5. Reforms to existing institutions (such as the legislature and education system) may require substantial policy shifts in the NWT. Do you believe there is adequate will and capacity to undertake such changes at this time? If yes, how?

6. What role should other sectors (non-profits, educators and the private sector) have in leading some of the suggested changes?


Appendix D – Opening Remarks David M. Brock Chief Electoral Officer, Northwest Territories 14 March 2013 Yellowknife, Northwest Territories Welcome to Elections NWT. At the outset I would like to thank each of you for participating today. I recognize that you all maintain busy schedules and, as such, I appreciate that much more that you’ve set aside a full day to discuss electoral democracy. Our agenda today describes three specific areas of focus for our dialogue, all with a view towards identifying tangible policy options. Before we get into the plenary discussion, I would like to help contextualize the problem, provide some statistical perspective, and say a little bit about what I mean by tangible policy options.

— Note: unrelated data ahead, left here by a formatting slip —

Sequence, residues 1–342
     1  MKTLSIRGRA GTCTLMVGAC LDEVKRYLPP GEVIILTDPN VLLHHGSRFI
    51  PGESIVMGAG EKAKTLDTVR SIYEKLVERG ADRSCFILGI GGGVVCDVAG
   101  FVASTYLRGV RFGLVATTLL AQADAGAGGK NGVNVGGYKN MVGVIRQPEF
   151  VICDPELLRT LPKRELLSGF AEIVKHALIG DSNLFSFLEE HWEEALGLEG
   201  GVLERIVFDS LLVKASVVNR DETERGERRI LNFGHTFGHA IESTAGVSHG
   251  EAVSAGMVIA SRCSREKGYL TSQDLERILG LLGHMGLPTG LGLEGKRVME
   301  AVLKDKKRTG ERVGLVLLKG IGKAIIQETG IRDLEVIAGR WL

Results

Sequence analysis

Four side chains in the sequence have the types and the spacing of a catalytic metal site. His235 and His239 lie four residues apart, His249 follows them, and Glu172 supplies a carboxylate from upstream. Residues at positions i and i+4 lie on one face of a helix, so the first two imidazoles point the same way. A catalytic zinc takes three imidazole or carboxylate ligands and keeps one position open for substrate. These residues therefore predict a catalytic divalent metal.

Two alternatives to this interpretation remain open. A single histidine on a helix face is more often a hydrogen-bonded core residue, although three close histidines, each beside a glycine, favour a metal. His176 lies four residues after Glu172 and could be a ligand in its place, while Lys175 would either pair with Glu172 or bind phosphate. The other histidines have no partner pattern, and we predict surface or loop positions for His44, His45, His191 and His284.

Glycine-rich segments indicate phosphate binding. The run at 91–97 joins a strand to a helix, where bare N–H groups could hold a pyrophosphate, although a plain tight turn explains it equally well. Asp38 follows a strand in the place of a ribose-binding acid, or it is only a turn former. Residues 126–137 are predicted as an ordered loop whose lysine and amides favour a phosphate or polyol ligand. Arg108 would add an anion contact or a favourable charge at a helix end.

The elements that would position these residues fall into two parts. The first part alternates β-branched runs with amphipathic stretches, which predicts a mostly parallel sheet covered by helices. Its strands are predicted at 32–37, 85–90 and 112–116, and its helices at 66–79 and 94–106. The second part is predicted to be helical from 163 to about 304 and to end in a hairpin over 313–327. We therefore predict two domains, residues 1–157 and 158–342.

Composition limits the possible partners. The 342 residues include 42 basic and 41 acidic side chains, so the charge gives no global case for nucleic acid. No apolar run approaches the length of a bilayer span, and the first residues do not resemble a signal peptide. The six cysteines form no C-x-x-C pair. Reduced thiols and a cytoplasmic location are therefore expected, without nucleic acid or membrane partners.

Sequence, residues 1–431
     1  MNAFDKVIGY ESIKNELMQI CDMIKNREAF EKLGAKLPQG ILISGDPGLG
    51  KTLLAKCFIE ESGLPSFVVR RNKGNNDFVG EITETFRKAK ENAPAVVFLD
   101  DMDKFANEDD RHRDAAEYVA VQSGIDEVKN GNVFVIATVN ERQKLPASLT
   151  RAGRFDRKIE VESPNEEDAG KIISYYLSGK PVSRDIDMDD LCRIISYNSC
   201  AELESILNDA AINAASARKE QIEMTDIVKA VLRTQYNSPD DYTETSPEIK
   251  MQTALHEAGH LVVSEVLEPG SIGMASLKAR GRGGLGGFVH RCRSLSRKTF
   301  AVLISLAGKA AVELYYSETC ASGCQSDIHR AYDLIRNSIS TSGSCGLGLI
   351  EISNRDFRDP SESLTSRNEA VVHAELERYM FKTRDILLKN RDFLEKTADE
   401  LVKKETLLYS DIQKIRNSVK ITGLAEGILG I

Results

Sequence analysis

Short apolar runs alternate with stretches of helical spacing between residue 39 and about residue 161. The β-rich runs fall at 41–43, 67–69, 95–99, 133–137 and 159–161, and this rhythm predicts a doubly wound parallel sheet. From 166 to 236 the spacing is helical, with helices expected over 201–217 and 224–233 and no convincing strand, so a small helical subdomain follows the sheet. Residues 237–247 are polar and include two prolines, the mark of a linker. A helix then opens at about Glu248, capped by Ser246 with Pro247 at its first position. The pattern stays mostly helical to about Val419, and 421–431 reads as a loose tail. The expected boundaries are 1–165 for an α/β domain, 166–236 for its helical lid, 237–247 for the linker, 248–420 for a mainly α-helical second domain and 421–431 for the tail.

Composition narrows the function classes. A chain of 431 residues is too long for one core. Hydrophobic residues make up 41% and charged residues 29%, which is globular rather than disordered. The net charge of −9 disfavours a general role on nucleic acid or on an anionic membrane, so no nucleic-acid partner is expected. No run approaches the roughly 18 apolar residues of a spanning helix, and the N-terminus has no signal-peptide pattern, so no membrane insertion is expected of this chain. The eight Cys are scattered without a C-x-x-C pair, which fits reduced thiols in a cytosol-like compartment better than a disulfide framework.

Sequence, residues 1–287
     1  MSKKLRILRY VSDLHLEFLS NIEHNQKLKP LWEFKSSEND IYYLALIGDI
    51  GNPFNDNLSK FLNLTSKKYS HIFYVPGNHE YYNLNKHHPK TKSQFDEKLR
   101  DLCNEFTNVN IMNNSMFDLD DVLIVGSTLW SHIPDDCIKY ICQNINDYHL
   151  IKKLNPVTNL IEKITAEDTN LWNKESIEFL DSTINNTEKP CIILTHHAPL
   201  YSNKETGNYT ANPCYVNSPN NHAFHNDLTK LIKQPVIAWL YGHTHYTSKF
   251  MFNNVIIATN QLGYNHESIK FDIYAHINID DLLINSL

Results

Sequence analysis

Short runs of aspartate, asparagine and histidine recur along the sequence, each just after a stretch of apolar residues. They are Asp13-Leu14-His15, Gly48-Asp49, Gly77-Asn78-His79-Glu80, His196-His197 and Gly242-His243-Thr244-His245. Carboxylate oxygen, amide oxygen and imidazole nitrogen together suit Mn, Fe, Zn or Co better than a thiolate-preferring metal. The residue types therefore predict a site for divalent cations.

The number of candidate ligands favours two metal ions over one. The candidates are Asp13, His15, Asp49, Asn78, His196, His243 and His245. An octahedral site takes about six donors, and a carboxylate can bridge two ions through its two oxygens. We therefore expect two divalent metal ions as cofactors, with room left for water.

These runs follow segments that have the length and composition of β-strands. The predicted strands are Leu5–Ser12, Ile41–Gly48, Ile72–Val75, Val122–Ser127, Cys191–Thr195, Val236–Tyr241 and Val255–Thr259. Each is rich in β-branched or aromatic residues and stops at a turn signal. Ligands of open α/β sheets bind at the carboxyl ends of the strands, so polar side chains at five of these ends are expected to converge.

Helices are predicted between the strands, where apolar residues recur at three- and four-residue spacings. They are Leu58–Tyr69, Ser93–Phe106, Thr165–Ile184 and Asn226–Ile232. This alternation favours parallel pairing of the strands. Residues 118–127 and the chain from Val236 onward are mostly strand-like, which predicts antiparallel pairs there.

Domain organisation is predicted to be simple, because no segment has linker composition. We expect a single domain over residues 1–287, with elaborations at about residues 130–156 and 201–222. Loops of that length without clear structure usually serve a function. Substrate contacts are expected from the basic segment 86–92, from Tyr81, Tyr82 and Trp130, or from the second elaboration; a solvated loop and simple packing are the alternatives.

Electoral Engagement in the NWT Allow me, for a moment, to take you back to the most recent general election - in Quebec. PLAY VIDEO – ‘VOTING, IT ALSO PROTECTS OUR DEMOCRACY’ (DGE) You may recall that the student movement became the central storyline of the 2012 provincial election in Quebec? The student movement had an effect not only on the dynamics of the political campaign, but also on the administration of the election. The DGE – le directeur general des elections du Quebec – has been, similar to other election agencies, committed to improving civic engagement among youth. However, as the central political issue of the campaign became more apparent, the DGE was forced to assess the possible risks inherent in promoting youth civic engagement. By specifically encouraging higher rates of turnout among youth, the DGE may have risked being perceived as politically motivated - a serious risk for any independent non-partisan agency. They had to strike a fine balance. It is important for us to better understand the appropriate role of an election agency regarding issues of civic engagement. Most election agencies in Canada have a well-defined role in public education. For example, the mandate of the Chief Electoral Officer of the Northwest Territories, as it relates to public information, is “to implement a program to disseminate information to electors about elections” (s. 8(c), Elections and Plebiscites Act). In 2011, the year of our most recent territorial general election, Elections NWT interpreted this mandate broadly. We chose not to focus just on polling day or voting. We consciously sought to place the act of voting on a continuum and within a broader set of democratic practices that included activities such as donating money to a candidate, serving with Elections NWT, and having conversations in public spaces about public policy – that is, societal issues that matter to individuals and communities. We did not have a specific information program that targeted youth. However, we did try to produce materials and use methods that were accessible in their design and language, and would thus appeal to young people. This included conveying more information using our website and Facebook, producing brochures and posters with attractive photos and straightforward language, and making Elections NWT more visible in all of our communities. The overall voter turnout figure reported for the 2011 territorial general election was 48 per cent. Similar turnout figures were reported for provincial elections held in Ontario and Manitoba during the same week. One of the curious aspects of voter turnout in territorial elections is the range of results. In the 2011 general election, turnout ranged from a low of 30 per cent in the riding of Frame Lake to a high of 87 per cent in the riding of Monfwi.